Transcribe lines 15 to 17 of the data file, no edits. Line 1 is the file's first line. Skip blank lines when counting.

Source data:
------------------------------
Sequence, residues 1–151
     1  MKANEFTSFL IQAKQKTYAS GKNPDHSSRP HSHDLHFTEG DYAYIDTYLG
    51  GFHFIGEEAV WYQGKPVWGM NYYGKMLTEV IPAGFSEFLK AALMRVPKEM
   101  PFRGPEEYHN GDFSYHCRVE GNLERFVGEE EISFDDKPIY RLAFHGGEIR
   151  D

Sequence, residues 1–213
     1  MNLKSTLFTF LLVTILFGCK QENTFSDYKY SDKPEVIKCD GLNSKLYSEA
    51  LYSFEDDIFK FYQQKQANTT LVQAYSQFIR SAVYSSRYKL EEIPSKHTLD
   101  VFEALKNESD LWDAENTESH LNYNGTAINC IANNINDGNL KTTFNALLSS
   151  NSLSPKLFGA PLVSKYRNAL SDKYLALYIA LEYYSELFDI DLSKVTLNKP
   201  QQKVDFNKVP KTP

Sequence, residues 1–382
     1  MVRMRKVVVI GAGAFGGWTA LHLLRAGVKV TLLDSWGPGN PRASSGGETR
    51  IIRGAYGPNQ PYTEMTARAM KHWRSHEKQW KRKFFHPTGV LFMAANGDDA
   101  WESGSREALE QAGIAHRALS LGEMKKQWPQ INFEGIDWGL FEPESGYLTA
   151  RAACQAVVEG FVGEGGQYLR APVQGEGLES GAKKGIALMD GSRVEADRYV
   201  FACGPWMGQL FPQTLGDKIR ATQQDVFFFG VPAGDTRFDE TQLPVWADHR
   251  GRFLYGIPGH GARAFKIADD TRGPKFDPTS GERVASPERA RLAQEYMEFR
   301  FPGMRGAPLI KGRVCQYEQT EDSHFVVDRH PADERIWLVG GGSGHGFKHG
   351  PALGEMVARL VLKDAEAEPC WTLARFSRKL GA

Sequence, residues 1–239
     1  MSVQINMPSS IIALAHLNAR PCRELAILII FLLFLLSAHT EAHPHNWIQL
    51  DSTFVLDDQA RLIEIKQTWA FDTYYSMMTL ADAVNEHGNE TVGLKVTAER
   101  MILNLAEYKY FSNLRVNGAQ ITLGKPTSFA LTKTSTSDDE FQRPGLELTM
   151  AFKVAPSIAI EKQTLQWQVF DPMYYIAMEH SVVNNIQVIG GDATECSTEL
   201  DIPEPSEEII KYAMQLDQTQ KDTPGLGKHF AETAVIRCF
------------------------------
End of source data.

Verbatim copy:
   101  WESGSREALE QAGIAHRALS LGEMKKQWPQ INFEGIDWGL FEPESGYLTA
   151  RAACQAVVEG FVGEGGQYLR APVQGEGLES GAKKGIALMD GSRVEADRYV
   201  FACGPWMGQL FPQTLGDKIR ATQQDVFFFG VPAGDTRFDE TQLPVWADHR